Bush administration struggles against the dwindling battle fervor of Americans

By Werner Pirker

[This article published in: Junge Welt, 12/20/2005 is translated from the German on the World Wide Web,  http://www.jungewelt.de/2005/12-20/003.php.]

With stamina slogans, US president George W. Bush in a Sunday speech to the nation tried to rouse his war-weary compatriots. He admitted that the Iraq war was harder than expected but would ultimately end with a victory of the US and its allies and a functioning democracy in Iraq. This was the first direct broadcast of a Bush speech from the presidential office since March 2003 when Bush explained the reasons for the war in Iraq to the US population that was certainly easier for him at that time.

In the third year of war, the victory promise of the chauvinist majority spectrum in the US has largely disappeared. The Bush administration confronted with a growing wave of displeasure and frustration has fallen on the defensive on the home front. Therefore the president saw himself forced to address the consciences of those Americans who believed the war was lost and “not worth a cent any more.” He countered this defeatist mood with faith in the generals and the “fighting troops” in the victorious end of their “mission.” The fading morale of the soldiers causes the greatest irritation in US society.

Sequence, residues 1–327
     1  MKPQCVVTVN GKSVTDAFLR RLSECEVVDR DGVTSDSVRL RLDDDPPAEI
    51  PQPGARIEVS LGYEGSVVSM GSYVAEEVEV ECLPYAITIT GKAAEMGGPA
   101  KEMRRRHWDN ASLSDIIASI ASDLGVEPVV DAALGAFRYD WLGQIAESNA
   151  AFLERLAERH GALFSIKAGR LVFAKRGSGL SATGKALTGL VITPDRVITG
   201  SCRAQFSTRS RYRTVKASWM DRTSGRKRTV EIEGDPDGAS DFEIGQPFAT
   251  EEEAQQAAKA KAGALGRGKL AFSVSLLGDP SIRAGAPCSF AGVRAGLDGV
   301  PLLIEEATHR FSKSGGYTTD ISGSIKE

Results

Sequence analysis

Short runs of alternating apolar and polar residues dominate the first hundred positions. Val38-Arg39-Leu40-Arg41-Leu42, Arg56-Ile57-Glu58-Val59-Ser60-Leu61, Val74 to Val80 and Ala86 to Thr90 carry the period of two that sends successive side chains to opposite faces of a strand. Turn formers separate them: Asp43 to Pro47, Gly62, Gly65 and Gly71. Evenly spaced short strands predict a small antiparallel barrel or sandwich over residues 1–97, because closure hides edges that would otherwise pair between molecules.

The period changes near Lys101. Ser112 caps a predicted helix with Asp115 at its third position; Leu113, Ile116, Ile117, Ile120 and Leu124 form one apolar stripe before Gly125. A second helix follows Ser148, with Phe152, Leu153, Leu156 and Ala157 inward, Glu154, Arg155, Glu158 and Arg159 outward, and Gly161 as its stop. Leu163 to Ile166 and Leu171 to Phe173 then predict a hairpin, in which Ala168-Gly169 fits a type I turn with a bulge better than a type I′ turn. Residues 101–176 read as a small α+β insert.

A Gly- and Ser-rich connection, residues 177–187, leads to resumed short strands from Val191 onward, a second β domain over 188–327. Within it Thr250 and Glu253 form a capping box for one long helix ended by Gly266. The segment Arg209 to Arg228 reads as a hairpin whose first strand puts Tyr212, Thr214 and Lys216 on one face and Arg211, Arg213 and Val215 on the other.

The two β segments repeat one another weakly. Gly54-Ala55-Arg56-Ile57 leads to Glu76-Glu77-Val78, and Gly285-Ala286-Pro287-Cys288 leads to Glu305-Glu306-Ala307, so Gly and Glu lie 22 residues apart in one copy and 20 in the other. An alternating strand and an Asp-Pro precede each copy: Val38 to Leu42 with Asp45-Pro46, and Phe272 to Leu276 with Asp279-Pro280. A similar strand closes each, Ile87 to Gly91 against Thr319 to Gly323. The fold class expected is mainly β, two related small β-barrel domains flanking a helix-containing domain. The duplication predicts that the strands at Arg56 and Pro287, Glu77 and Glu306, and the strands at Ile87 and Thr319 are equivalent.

Bush spoke vigorously against a withdrawal of US troops. The Iraq would fall in the hands of the enemies of the US “who are committed to attack us.” “We would desert our Iraqi friends and signal to the world that America’s words cannot be trusted.” So the speaker described the consequences of a premature withdrawal of the American “freedom mission.” According to America’s words, the Iraqi weapons of mass destruction made war unavoidable. Bush conceded in his speech that “America’s words” couldn’t be trusted when he admitted mistakes in the “justification of war.” The connection between secular Baathists and radical Islamists asserted by Washington did not exist. United action between secular Baathists and radical Islamists first occurred in resistance against the US occupation. The US itself created the terror problem that it pretends to combat.

The war president delivered his speech to the nation at a moment when its mood was lenient – under the impression of the Iraq elections. These elections, Bush said, were the “beginning of something new: constitutional democracy in the heart of the Middle East.” However that will not leave behind any lasting positive impression in the American nation if war and occupation continue. With its participation in the elections, the Iraqi population raised democratic and social claims that cannot be harmonized with the neoliberal colonialization of the country. No “speech to the nation” can dissolve this contradiction.